Proud grandmother

Clovis resident Bobby Neumann III, 25, enjoys an outing with his grandmother, Wilma Dotson, also of Clovis.

Wilma Dotson isn't living the life she dreamed of as a child growing up on the farm, but it's a life she's proud of. The Clovis grandmother, who once had top secret security clearance in Washington, D.C., has spent the last 25 years raising grandson Bobby Neumann III, who was born with Down's Syndrome.

Dotson and her then 9-month-old grandson, Bobby Neumann III.

What's it like raising a child with Down's Syndrome? It takes everything you've got and more. Everything you plan to do turns into what you have to do. When Bobby was born he couldn't eat from a bottle like most babies. I spent hours and hours trying to get milk down him. No one will ever know how hard I've worked at it, but when you get attached to your grandkids, they're just like your own children. When he was very small, I would hold him on my shoulder and dance around the living room. Every time I stopped, he would pat me on the shoulder, so I knew that he was aware and there was something there worth nurturing.

What do you consider your greatest accomplishment? Getting Bobby through school made me really proud.

He started riding the bus when he was 3 years old. There was a time when he decided he didn't want to go to school, and I had to bribe him, but he got his high school diploma and was on the honor roll. We attended an honor roll banquet with all the other honor students. I thought that was an accomplishment. I was real proud of it. I am more proud of his few accomplishments than the many accomplishments of people to whom they come easily.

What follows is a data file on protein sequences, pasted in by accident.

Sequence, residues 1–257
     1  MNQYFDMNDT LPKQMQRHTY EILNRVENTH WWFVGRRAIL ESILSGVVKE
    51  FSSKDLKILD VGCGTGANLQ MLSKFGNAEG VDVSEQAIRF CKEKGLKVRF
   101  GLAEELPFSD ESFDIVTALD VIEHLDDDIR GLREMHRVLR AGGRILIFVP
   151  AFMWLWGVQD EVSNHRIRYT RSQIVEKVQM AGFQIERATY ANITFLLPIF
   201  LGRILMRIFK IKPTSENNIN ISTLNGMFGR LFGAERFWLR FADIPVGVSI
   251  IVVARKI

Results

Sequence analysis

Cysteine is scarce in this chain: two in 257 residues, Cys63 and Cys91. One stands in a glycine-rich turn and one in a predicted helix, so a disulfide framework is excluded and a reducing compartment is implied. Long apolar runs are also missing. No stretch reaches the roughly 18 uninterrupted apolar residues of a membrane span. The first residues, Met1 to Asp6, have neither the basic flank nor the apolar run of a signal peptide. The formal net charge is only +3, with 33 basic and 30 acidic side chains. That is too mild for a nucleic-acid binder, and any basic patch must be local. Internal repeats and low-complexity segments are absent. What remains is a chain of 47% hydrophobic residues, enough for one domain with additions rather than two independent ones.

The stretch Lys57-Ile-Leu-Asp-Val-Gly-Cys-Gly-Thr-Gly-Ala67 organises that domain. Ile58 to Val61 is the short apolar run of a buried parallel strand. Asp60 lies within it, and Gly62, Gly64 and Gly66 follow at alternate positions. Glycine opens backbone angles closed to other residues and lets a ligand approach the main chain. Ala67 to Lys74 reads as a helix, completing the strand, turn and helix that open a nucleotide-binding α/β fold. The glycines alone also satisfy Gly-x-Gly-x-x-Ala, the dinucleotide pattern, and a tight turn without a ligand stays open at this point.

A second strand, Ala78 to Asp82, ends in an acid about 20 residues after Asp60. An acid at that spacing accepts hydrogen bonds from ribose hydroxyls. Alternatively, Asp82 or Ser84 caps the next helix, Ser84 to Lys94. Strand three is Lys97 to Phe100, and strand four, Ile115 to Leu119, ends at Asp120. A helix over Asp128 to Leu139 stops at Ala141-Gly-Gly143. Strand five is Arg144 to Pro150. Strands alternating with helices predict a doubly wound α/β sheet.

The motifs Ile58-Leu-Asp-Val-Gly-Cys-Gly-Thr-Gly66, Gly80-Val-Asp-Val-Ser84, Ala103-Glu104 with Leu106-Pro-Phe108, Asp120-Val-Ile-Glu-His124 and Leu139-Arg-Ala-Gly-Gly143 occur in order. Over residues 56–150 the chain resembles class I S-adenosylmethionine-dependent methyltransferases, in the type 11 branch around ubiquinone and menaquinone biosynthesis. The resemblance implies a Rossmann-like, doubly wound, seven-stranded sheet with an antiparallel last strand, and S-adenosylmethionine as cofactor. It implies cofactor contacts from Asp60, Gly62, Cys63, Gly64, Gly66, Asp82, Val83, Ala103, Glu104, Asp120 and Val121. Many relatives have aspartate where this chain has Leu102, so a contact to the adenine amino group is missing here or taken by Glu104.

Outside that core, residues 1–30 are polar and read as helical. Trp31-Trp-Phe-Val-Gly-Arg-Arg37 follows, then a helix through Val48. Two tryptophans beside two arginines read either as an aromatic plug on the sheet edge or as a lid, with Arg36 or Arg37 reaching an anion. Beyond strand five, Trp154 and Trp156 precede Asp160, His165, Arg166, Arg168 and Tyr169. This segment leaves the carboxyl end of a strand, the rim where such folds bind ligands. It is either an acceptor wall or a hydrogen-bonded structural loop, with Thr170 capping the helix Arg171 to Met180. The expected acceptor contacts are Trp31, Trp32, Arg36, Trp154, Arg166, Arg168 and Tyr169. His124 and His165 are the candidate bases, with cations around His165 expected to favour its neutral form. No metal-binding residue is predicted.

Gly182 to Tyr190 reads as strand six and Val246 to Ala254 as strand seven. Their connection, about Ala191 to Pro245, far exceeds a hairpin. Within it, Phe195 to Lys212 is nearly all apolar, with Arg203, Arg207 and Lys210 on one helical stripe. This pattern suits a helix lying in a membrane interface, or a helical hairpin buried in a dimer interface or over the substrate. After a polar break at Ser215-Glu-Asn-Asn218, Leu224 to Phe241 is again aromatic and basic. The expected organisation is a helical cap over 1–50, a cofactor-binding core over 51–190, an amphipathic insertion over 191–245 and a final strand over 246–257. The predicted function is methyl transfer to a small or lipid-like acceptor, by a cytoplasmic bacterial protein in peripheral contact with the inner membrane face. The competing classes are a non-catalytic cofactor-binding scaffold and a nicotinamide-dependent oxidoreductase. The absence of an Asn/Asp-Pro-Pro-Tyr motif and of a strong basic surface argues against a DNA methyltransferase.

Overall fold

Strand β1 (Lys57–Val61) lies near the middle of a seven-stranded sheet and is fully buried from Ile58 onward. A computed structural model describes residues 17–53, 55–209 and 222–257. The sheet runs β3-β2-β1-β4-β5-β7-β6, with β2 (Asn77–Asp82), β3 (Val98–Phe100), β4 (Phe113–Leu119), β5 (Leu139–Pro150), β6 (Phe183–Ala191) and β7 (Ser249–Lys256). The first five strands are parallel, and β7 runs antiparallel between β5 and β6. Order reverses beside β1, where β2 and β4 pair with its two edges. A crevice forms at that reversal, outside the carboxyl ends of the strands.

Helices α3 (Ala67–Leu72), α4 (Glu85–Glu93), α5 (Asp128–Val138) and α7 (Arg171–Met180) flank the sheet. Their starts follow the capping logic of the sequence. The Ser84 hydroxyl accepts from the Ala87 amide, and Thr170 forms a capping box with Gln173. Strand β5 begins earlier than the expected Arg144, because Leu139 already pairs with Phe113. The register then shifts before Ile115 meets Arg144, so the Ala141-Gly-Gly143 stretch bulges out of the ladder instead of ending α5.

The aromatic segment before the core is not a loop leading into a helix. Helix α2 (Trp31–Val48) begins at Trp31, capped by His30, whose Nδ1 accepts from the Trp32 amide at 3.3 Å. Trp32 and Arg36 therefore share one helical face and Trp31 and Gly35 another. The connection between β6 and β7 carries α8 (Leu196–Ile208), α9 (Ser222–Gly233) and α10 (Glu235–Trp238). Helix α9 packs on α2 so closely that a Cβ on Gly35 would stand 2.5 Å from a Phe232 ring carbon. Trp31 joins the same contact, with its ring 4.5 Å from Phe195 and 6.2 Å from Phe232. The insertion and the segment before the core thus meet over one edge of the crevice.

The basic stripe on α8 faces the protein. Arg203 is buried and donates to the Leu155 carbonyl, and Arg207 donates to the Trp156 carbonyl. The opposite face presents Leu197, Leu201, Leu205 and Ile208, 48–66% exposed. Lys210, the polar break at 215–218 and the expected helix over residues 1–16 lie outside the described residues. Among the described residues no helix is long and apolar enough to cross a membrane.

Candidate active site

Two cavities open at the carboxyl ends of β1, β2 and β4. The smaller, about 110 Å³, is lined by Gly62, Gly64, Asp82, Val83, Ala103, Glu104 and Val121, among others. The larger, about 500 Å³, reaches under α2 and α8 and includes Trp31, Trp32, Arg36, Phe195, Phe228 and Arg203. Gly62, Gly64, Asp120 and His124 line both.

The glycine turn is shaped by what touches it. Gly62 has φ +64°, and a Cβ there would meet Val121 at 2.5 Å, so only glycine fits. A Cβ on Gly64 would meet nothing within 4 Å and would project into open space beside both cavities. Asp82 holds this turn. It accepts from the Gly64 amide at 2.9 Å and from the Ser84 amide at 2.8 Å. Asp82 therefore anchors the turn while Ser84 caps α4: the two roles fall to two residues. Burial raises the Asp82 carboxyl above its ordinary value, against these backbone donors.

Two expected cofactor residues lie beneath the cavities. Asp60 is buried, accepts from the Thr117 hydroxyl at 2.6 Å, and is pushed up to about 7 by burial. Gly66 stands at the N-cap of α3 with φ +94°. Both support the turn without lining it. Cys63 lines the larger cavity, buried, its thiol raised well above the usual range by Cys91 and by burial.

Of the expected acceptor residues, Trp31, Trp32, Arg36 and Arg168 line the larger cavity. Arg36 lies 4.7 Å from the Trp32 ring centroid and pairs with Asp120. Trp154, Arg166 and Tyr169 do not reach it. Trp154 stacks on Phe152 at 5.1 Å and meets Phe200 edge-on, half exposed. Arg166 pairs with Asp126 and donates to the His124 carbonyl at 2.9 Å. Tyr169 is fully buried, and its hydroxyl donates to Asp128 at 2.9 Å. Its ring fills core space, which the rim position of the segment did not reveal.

Bobby Neumann III on his high school graduation day with grandmother Wilma Dotson.

Tell me about your security clearance. I was married right out of high school and moved to Washington, D.C., with my husband, who was in the Air Force. I had never worked a day in my life except on the farm. I applied for a job that involved missiles and required security clearance because it was top secret. I got clearance pretty quickly and worked there four years. I had to quit when my husband was transferred. In retrospect, I should have kept the job and quit the husband.

What did you do on the farm? My mother kept a garden, so in the summer we would string beans and shell peas until our fingers ached and turned green.

The Dotson family, from left, Gary Dotson, Darrin Dotson, Wilma Dotson and Cheryl Dotson.

My mother was English and very strict. She always made us use good manners and made us work hard. We fed the chickens, collected eggs, hoed the garden, you name it.

Wilma Dotson, center, and her daughters, Cheryl Dotson, left, and Stacy Dotson at Easter.

What was your childhood dream? When I was a child I wanted to be a singer or baseball player. My father was David "Dee" Walton. People still pull me over from time to time and tell me, "Your dad played the most beautiful music in the world." All his family was musically talented and they never had a lesson in their lives. Dad played the most beautiful fiddle. He was in a band that played at policeman balls, the VFW and there was a dance hall down on Mabry called La Vista where they played. I never played an instrument, but I sang in a band at school. We did Hank Williams songs and country music for school events and assemblies. I love music and I love to sing. I also loved playing softball in school and pitched a mean fastball.

— Compiled by Tonjia Rolan, CMI staff writer

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